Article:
A recent study conducted by the University of Iowa revealed that black nursing home residents are more likely than their white counterparts to develop bedsores (pressure ulcers, decubitis ulcers). In a five year study conducted at nursing homes throughout the country, researchers found that black residents were roughly five percent more likely to develop decubitus ulcers than white residents. Although the study does not promulgate definitive conclusions as to the cause of this discrepancy, several factors could be at play. Lack of funding, substandard training, and understaffing at predominantly black homes are potentially all contributing factors. Medical factors, such as diabetes, may also play a role. According to the American Diabetes Association, blacks are more likely than whites to be diagnosed with the disease.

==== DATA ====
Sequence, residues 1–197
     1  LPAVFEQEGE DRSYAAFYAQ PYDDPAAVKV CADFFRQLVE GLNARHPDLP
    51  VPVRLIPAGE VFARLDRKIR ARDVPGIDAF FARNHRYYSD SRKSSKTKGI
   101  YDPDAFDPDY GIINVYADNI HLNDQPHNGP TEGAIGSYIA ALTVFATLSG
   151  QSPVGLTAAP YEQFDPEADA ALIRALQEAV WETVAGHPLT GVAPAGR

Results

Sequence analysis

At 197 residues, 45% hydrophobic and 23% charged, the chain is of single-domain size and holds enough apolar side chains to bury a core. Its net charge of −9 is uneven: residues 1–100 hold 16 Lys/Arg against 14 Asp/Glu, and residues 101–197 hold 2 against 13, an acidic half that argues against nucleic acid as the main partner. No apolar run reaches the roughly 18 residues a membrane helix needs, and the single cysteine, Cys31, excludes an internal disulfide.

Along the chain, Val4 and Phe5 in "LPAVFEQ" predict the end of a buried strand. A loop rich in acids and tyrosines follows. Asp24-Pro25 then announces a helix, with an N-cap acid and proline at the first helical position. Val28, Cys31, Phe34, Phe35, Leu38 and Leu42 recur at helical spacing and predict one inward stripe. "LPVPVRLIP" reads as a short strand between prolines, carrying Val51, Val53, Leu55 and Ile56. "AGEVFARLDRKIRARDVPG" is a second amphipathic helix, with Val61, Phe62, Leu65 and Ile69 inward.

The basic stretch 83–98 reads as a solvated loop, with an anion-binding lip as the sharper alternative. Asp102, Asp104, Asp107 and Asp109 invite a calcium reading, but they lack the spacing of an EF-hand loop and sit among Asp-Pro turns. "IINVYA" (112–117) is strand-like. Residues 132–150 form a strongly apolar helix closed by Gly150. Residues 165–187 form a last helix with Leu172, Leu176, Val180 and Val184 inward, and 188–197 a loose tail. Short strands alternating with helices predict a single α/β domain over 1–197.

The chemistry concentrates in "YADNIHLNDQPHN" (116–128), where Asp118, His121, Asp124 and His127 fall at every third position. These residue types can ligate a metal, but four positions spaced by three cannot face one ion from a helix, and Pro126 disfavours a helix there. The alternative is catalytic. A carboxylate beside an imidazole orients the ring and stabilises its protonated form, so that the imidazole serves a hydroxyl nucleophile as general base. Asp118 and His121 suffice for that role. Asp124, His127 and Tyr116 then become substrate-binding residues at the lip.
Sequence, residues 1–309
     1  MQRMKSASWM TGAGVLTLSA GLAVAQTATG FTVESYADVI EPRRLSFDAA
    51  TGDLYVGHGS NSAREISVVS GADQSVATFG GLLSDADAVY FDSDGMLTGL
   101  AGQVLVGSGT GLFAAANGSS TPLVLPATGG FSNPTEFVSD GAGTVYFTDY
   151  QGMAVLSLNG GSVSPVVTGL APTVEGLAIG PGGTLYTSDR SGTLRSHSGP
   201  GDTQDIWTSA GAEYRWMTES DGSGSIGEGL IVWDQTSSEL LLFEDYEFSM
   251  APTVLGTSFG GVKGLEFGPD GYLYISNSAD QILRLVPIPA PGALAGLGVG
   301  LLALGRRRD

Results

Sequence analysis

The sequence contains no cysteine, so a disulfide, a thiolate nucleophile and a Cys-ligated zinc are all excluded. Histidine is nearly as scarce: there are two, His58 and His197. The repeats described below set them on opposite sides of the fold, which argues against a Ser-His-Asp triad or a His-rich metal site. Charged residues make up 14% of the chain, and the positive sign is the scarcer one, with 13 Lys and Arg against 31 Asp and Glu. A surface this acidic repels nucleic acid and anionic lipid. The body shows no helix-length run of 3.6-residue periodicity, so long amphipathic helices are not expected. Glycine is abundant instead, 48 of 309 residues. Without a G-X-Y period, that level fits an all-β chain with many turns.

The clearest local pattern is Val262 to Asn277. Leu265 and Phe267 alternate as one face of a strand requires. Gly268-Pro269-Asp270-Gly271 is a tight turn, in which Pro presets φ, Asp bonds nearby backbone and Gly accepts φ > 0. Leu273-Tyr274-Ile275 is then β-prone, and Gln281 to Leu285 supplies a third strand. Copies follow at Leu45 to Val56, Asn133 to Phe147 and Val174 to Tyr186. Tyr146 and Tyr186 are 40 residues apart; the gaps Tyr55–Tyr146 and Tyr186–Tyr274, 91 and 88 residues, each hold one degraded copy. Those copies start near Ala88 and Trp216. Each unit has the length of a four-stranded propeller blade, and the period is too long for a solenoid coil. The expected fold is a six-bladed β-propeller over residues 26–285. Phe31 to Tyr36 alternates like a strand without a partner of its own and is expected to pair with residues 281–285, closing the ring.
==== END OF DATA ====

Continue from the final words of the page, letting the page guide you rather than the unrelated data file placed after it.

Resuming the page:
Underqualified or insufficient staffing is a problem endemic to the nursing home industry. For reasons such as pay scale, stress, or insufficient screening during the hiring process, it seems that many of the problems that arise out of nursing homes are caused by poorly trained or over-worked staff. Regardless of the cause of these issues, however, it is a patient's right to be cared for by a competent, knowledgeable staff. As Title 42 (Public Health) of the Code of Federal Regulations states in Section 483.20(k)(3)(ii), "[T]he services provided or arranged by the facility must be provided by qualified persons in accordance with each resident's plan of care." This right provided by the Code is guaranteed to residents of any race or skin tone. And although, as evidenced in the study, the rate of pressure ulcer cases does seem to be in moderate decline nationwide, the discrepancy between black and white residents is one that should be addressed further to ensure that such cases continue to decline across all races.
Website Resource: Blacks in nursing homes have higher risk of sores
Reuters, Genevra Pittman, July 12, 2011